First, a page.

Richard Osuolale Abimbola Akinjide died a few days ago at the age of 88 years, much loathed, much liked. I have no scale with which to measure the specific tonnage of the loathing and the liking but this is an indication that the courageous lawyer and politician was a great political gladiator who stirred up the hornet’s nest here and there and didn’t give a damn. He was a combative, belligerent and audacious man who didn’t care very much whose ox was gored. He simply did what he wanted to do and moved on, believing in the certainty of his actions. He did not ask for validation from anyone.
This Ibadan man went to the famous Oduduwa College, Ile-Ife, and the University of London, where he studied law. He was called to the Nigerian Bar and the Inner Temple in London. In Nigeria, he was called to the Inner Bar as a Senior Advocate of Nigeria on the same day with Professor Ben Nwabueze and Chief Obafemi Awolowo in 1978. He had been president of the Nigerian Bar Association (NBA), chairman of the Body of Senior Advocates, Attorney-General of the Federation, member of the constitution drafting committee that produced the 1979 Constitution. Let us just say that he was ex-this and ex-that in the legal profession and that, at the young age of 33, he was the man in charge of Nigeria’s educational compass as Minister of Education in the First Republic. This is an indication that the youths in the First Republic were allowed to eat with elders because they had washed their hands well. That was why M.T. Mbu was able to be appointed Nigeria’s Foreign Affairs Minister at the age of 23.
A lot has changed today, not necessarily for the better. Akinjide was a member of the Governing Council of the University of Ife, now named Obafemi Awolowo University. There is a twist of irony here. This university was founded by Chief Obafemi Awolowo, Akinjide’s implacable foe. The two men were on opposite sides of the political and ideological divide. Awo had socialist, populist credentials with free education as his signature tune, while Akinjide was a conservative ideologue who thought that in education quality was better than quantity.
Akinjide was consistently conservative, belonging at various times to the NNDP/NPC, NPN, NRC and PDP. He employed his vast intellect, oratorical skills and a soldier’s courage to the pursuit of his political agenda in the South-West and Nigeria, winning some and losing some. His attempt to become the governor of Oyo State as the NPN gubernatorial candidate was rebuffed by his people in 1979, because of the dominance of Awo in the region and the groundswell of support and affection that Awo’s free education mantra had fetched him. Akinjide was beaten but he was waiting patiently at the corner for Awolowo, who had contested the presidential election on the platform of the UPN. Awo ran a fabulous campaign vigorously pushing his transformation agenda for Nigeria and the hope of many was that, if he became the President of Nigeria, he would have the opportunity to put his enticing programmes to work.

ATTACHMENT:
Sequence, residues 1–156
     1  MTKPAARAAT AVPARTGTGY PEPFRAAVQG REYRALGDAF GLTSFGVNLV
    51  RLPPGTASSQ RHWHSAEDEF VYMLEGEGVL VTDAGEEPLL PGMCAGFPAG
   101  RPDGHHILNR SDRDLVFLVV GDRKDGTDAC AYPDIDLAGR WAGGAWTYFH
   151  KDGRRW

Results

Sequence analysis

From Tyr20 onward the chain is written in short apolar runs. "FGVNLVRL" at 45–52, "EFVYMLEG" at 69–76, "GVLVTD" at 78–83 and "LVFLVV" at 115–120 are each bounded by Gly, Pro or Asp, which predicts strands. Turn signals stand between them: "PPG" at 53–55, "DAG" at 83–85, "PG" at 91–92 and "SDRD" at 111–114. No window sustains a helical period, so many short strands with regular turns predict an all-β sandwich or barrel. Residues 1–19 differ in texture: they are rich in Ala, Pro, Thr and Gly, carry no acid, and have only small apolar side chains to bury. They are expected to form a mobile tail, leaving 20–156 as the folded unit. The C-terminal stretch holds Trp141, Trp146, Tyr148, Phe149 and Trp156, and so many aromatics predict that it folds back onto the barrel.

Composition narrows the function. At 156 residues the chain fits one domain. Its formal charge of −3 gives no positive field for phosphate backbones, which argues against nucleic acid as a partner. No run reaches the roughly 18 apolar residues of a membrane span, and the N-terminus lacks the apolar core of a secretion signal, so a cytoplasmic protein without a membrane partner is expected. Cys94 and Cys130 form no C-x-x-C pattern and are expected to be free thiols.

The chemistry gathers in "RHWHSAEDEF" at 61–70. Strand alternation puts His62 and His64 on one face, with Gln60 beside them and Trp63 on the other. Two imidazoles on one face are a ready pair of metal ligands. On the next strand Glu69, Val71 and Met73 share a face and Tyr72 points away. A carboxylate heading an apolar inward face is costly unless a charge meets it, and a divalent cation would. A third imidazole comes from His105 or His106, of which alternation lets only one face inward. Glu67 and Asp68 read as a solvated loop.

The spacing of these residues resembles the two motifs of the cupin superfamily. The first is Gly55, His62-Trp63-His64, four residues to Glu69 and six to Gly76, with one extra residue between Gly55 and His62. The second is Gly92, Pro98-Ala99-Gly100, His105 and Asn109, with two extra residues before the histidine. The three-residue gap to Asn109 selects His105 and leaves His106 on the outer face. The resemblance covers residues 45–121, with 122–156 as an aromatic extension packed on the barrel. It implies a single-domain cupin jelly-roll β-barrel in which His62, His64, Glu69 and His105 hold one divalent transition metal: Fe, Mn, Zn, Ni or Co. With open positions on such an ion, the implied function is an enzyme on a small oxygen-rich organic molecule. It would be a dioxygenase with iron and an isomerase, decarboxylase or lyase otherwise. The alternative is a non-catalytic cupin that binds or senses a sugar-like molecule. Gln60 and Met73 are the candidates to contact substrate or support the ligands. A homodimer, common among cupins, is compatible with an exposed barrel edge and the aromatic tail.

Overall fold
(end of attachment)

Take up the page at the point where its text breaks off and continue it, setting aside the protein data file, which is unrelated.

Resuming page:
But that was not to be because he did not win the election. His opponent, Alhaji Shehu Shagari of the NPN, did in circumstances that became very controversial. Under the election rules, a presidential candidate had to win in at least two-thirds of the then 19 states. The Electoral Act stipulated 13 states to be two-thirds of 19 states. Shagari won the election in 12 states and had problems with the 13th state, Kano. He won two-thirds of the votes cast there, which meant that he did not win the election on the first ballot. This meant that, in accordance with the Electoral Act, those who won the two highest votes would have to go for a run-off election to decide the winner. Chief Akinjide a chieftain of the NPN, quickly put on his legal thinking cap. He came up with the view that two-thirds of 19 is not 13 states but 12 states and two-thirds of the votes cast in the 13th state. By this forensic mathematics, Shagari had met the electoral requirement and should be declared the winner on the first ballot. The Federal Electoral Commission (FEDECO) bought the Akinjide argument and declared Shagari the President-Elect. The UPN decalred Shagari’s victory a stolen mandate. Awo challenged the FEDECO decision at the Election Tribunal and the Supreme Court and lost. However, the Supreme Court stated that the judgement should not be cited as a precedent.
Since we now have 36 states, a figure easily and neatly divisible by three, there has been no two-thirds palaver. There might be some states where this kind of problem may arise in the governorship election but so far it hasn’t reared its horrid head. Since then, Akinjide came to be called Mr-Twelve-and-two-thirds and many people in the South-West do not think he deserves kisses from them for his “mischief.” On the other hand, the NPN people and Shagari’s supporters considered him a hero. But let’s face it, right or wrong, he showed jurisprudential brilliance even if his traducers would accuse him of a lack of political affection for or political affinity with the political oracle of the South-West, Awo.